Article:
Why is it so hard to make up our minds? Ambivalence results from a basic desire to have it both ways, but it sometimes results not in "both" but in the disappointing "neither." Drawing upon examples from history, literature, philosophy, and the social sciences, the author of Churchill and the King and The Year of Indecision: 1946 traces the concept of ambivalence, from the Garden of Eden to Freud and Obama and beyond. It affects not only individuals; organizations, societies, and cultures can also be ambivalent, and it will often be reflected in our leaders and how we evaluate them.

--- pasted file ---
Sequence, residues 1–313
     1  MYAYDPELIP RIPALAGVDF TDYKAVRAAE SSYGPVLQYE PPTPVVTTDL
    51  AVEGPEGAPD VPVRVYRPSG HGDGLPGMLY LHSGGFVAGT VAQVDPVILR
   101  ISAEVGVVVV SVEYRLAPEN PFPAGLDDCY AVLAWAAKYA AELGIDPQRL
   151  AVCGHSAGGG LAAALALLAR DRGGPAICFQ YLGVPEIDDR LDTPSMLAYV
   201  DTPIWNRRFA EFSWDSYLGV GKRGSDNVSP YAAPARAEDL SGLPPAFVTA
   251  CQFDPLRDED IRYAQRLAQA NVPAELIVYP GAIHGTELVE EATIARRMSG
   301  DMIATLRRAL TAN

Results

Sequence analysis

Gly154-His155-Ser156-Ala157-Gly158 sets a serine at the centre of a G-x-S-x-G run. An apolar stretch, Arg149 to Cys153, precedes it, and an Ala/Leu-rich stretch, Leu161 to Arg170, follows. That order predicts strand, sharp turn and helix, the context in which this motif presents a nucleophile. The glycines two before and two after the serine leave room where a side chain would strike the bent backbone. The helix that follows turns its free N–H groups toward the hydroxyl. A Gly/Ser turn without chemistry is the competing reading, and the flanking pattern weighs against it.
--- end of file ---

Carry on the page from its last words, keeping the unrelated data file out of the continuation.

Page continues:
On Ambivalence: The Problems and Pleasures of Having It Both Ways
Author: Kenneth Weisbrode.